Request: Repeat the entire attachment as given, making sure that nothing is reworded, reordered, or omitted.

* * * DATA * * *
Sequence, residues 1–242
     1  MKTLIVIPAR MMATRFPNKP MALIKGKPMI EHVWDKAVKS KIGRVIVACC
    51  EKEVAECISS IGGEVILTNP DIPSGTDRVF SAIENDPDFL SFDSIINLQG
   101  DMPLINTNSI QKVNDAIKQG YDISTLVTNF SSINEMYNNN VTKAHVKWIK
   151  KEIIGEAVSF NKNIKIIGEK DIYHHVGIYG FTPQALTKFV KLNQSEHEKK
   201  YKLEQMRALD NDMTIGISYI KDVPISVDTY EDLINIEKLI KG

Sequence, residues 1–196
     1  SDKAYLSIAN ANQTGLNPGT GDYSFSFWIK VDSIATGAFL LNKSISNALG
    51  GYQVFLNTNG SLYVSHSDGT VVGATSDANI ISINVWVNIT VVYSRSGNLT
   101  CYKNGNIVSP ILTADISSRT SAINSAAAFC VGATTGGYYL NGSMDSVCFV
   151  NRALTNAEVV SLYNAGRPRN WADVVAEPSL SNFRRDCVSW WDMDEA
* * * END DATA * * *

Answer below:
Sequence, residues 1–242
     1  MKTLIVIPAR MMATRFPNKP MALIKGKPMI EHVWDKAVKS KIGRVIVACC
    51  EKEVAECISS IGGEVILTNP DIPSGTDRVF SAIENDPDFL SFDSIINLQG
   101  DMPLINTNSI QKVNDAIKQG YDISTLVTNF SSINEMYNNN VTKAHVKWIK
   151  KEIIGEAVSF NKNIKIIGEK DIYHHVGIYG FTPQALTKFV KLNQSEHEKK
   201  YKLEQMRALD NDMTIGISYI KDVPISVDTY EDLINIEKLI KG

Sequence, residues 1–196
     1  SDKAYLSIAN ANQTGLNPGT GDYSFSFWIK VDSIATGAFL LNKSISNALG
    51  GYQVFLNTNG SLYVSHSDGT VVGATSDANI ISINVWVNIT VVYSRSGNLT
   101  CYKNGNIVSP ILTADISSRT SAINSAAAFC VGATTGGYYL NGSMDSVCFV
   151  NRALTNAEVV SLYNAGRPRN WADVVAEPSL SNFRRDCVSW WDMDEA